Ballet dancers are not just twinkled-toed, they also appear to have pirouette-proof brains. A study has identified important differences in their brain structures that prevent them feeling dizzy during those endless spins.It implies that years of training can enable dancers to suppress signals from the balance organs in the inner ear, which might otherwise make them fall over. The findings, published in the journal Cerebral Cortex, could help to improve treatment for patients with chronic dizziness, which affects 1 in 4 Britons at some point during their lives.Normally, the feeling of dizziness stems from the vestibular organs in the inner ear. These fluid-filled chambers sense rotation of the head through tiny hairs that sense the fluid moving. After turning around rapidly, the fluid continues to move, which can make you feel like you’re still spinning.

Ballet dancers can perform multiple pirouettes with little or no feeling of dizziness. The findings show that this feat isn’t just down to spotting, a technique dancers use that involves rapidly moving the head to fix their gaze on the same spot as much as possible. Researchers at Imperial College London recruited 29 female ballet dancers to compare against 20 women rowers of similar age and fitness levels. The volunteers were spun around in a chair in a dark room. They were asked to turn a handle in time with how quickly they felt like they were still spinning after they had stopped. The researchers also measured eye reflexes triggered by input from the vestibular organs. Later, they examined the participants’ brain structure with MRI scans. In dancers, both the eye reflexes and their perception of spinning lasted a shorter time than in the rowers.

Dr Barry Seemungal, from the Department of Medicine at Imperial, said, “Dizziness, which is the feeling that we are moving when in fact we are still, is a common problem. I see a lot of patients who have suffered from dizziness for a long time. Ballet dancers seem to be able to train themselves not to get dizzy, so we wondered whether we could use the same principles to help our patients. The brain scans revealed differences between the groups in two parts of the brain, an area in the cerebellum where sensory input from the vestibular organs is processed and in the cerebral cortex, which is responsible for the perception of dizziness. The area in the cerebellum was smaller in dancers.” Dr Seemungal thinks this is because dancers would be better off not using their vestibular systems, relying instead on highly co-ordinated pre-programmed movements. He said, “It’s not useful for a ballet dancer to feel dizzy or off balance. Their brains adapt over years of training to suppress that input. Consequently, the signal going to the brain areas responsible for perception of dizziness in the cerebral cortex is reduced, making dancers resistant to feeling dizzy. If we can target that same brain area or monitor it in patients with chronic dizziness, we can begin to understand how to treat them better.”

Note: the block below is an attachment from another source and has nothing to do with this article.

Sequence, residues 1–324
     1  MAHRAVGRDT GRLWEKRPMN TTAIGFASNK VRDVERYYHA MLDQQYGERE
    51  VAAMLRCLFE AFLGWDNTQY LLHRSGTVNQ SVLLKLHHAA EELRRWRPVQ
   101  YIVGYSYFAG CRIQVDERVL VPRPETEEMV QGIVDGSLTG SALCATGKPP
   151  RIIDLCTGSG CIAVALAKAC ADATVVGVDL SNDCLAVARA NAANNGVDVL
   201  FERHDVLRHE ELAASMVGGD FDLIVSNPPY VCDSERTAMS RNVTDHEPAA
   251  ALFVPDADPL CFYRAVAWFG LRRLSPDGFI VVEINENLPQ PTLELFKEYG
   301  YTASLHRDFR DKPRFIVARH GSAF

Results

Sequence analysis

Do The Math!!!

It’s Balance Awareness Week!

Let’s get the word out! If each one of us for the next 7 days could make one person aware of balance disorders each day……..well that would be “7 newly aware people” times “each one of us”………..that would equal………WOW!!! Do the math!!!

Not sure what to say or how to say it. VEDA is a great source for information!

Check out this link for more info:

Together we are strong!


Hello everyone!

We hope you are all enjoying this amazing weather! Summer just keeps going and going and going!

Next week is Balance Awareness Week!

Please note: We will not be meeting at our normal monthly time. Instead we hope you are able to participate in one or more of the upcoming events.

Here’s how you can get involved! 

You can:

Attend the Open House for Balance Awareness at Pacific Balance & Rehabilitation

When & Where: Thursday, Sept 19,  4-7pm @ 400 Mercer St, Ste 302, Seattle, WA

There will be free Nordic walking demonstrations, cooking demonstrations focused on foods that support vestibular health, free fall risk assessment, food, beverages and prizes!!!

Come to win a pair of KEEN shoes ($140 value) or an Urban Poling package or maybe win a one hour massage!

You can:

Join Seattle Dizzy Group on their “Walk for Balance”. All are welcome!

When & Where:  Saturday Sept 21, 11 am – 1 pm. Meeting @ the Green Lake Library, 7364 E Green Lake Dr, Seattle, WA

If you are unable to take part in these events here are a few other ideas!

We hope this list of events/ideas has at least one that interests you to help increase awareness of Balance Awareness Week!

Be safe, healthy and good to yourself! Stay balanced!

Balance Awareness Open House

Hello Everyone!

We are all invited to attend Pacific Balance and Rehabilitation Clinic’s Open House in honor of Balance Awareness Week!

Come and enjoy:

  • Healthy cooking demonstrations by local author Greta Hardin

  • Fall Risk Assessments

  • Urban Poling Demonstrations

  • Prizes (Urban Poling Nordic Walking Package, a pair of Keen shoes and a 1 hour massage gift certificate)

Refreshments will be served.

When: Thursday Sept 19th (4pm – 7 pm)

Where: 400 Mercer Street, Suite 302, Seattle, WA

In addition to the event, Pacific Balance has started a fundraising page on the VEDA website to help raise awareness of balance and vestibular related disorders,

Here is the link to the page:

We can all make a difference by supporting VEDA and donating to help defeat dizziness!